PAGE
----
Matcha stone mills.

How to Make Matcha Tea

To make matcha tea, whisk 1-2 grams of matcha powder in a warmed bowl using a bamboo whisk until frothy. The traditional method enhances the overall matcha experience. Find out more here.

Matcha Bamboo Whisk

When it comes to preparing matcha tea, the bamboo whisk, or "chasen," plays a critical role. It helps to mix the matcha powder with hot water evenly, producing a frothy, velvety tea that's rich in flavor.

Traditional matcha is made with a bamboo matcha whisk.

Final words on how matcha is produced in Japan

The production of matcha in Japan is not just a process, but an art form, passed down through generations. The commitment to quality at every stage, from the careful cultivation of the tea plants to the meticulous grinding of tencha, ensures a superior product that is enjoyed by people worldwide.

How to Make Matcha Tea Without Whisk

While the traditional method involves a bamboo whisk, you can still enjoy matcha without it. Simply add matcha powder to a bottle with some warm water, secure the lid, and shake it until the powder is completely dissolved. It's also great with ice and cold water in a shaker bottle. The options for including matcha in your daily routine are endless. Here are some recipes to get you started.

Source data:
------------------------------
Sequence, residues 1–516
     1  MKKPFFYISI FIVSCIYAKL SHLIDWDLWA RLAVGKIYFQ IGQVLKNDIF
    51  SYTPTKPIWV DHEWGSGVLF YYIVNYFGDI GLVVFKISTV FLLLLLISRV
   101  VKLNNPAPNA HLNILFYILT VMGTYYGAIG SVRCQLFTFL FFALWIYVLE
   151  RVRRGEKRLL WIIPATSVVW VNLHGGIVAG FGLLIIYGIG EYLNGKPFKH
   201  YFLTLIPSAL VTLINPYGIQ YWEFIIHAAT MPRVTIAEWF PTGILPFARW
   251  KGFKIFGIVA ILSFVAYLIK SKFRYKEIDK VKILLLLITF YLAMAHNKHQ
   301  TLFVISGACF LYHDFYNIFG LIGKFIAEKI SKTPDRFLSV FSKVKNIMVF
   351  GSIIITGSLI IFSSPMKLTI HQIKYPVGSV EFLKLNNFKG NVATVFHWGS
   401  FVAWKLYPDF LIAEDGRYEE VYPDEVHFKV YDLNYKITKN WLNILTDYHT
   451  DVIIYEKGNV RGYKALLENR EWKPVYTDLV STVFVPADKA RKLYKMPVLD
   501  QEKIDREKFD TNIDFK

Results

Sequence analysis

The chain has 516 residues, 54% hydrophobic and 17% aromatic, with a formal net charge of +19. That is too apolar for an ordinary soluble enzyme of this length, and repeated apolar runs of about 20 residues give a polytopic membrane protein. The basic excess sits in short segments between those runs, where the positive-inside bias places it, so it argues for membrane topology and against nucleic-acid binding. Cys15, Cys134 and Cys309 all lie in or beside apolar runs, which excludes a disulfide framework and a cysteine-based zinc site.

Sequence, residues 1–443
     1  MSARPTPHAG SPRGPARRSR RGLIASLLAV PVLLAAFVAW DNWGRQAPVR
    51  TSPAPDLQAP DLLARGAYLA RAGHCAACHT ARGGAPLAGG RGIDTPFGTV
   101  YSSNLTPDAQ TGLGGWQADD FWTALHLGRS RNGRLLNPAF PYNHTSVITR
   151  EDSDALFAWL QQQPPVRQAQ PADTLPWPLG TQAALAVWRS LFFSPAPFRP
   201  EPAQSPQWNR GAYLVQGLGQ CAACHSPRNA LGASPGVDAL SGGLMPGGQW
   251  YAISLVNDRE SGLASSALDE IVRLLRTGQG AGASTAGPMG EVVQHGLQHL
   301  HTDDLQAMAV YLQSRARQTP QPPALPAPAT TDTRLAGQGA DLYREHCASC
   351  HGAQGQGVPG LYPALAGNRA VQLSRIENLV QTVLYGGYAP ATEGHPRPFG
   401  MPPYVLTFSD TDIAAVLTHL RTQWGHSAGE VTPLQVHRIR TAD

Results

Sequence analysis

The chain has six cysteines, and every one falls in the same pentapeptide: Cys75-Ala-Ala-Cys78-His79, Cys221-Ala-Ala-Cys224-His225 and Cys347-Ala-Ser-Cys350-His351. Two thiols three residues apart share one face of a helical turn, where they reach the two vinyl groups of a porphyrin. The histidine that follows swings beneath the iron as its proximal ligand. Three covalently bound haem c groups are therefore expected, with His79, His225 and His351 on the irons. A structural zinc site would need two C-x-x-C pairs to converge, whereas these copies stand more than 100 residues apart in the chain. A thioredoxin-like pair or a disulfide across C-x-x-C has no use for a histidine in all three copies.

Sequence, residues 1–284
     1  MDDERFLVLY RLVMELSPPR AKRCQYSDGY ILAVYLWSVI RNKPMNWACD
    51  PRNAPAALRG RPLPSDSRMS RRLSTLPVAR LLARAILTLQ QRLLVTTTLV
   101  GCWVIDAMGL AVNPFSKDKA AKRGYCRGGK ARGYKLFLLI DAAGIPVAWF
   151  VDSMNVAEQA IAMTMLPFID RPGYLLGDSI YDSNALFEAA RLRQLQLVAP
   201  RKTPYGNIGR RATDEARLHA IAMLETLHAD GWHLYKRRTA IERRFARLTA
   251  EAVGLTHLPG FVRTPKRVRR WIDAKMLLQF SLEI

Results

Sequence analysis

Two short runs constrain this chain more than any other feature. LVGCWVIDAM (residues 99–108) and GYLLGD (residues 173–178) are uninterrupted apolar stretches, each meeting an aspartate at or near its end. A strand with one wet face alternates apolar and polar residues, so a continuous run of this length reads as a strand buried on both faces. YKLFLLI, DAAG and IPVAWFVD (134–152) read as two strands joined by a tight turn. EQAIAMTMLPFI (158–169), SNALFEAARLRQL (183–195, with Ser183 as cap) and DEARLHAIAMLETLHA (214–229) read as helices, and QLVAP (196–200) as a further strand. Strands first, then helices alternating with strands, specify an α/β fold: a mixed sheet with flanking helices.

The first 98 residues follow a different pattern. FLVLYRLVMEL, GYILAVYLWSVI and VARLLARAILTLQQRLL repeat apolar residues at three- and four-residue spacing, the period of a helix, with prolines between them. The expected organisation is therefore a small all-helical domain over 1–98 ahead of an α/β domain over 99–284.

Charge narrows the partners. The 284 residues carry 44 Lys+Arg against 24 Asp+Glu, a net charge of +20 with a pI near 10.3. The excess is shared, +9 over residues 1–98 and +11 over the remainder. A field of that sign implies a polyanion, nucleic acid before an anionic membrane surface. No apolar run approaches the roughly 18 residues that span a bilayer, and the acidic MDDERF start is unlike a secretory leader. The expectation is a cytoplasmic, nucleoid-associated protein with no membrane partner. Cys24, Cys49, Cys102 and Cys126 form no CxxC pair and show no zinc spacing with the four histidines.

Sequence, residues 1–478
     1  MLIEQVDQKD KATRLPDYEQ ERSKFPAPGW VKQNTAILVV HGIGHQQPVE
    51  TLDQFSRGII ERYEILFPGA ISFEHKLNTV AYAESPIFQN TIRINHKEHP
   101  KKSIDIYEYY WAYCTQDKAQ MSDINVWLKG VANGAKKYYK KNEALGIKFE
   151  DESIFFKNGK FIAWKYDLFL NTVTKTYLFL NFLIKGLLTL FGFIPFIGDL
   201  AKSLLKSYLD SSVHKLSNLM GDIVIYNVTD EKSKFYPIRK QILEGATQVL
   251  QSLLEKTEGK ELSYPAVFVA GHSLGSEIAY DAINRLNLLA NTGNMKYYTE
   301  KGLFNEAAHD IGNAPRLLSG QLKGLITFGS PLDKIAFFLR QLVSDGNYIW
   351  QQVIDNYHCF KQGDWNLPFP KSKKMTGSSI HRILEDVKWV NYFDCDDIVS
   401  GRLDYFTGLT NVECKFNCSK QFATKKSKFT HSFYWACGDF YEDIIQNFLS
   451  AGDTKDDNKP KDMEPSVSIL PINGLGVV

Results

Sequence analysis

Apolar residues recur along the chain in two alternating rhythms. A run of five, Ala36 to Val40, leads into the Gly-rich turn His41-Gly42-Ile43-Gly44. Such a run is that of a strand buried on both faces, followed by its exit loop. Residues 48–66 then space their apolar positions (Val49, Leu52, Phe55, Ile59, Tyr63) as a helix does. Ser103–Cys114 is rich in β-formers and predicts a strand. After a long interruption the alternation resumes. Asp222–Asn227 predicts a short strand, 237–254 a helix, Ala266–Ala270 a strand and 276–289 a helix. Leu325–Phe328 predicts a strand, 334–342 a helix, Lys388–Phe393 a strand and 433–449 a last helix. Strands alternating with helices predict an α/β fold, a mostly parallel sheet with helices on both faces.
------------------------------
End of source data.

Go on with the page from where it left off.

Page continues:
Matcha production – Modern machine vs traditional stone mill

While modern machines are used in the production of some matcha powders, the traditional stone mill is still favored by many for its ability to produce the finest quality matcha. The slow grinding process of the stone mill results in a finer powder and ensures that the matcha retains its vibrant color and rich, nuanced flavor.

Matcha vs Green Tea

Though matcha and green tea come from the same plant, they are quite different. Matcha is a powdered form of tea, and because you consume the entire leaf, it's richer in flavor and nutrients compared to regular green tea. Learn more about the differences between matcha and green tea here.

Ceremonial Grade Matcha powder

Matcha bowl filled with frothy matcha, packet of Uji matcha tea, bamboo matcha scoop and whisk
Ceremonial grade matcha is the highest quality matcha you can buy. It's made from the youngest tea leaves, with the stems and veins entirely removed. The resulting powder is extremely fine and suitable for Japanese tea ceremonies where matcha is consumed straight, without any additives.

If you're inspired to experience the unique flavor of matcha, we have everything you need to enjoy this traditional Japanese tea.

Embrace the art of matcha and enjoy the nuanced taste and health benefits it offers!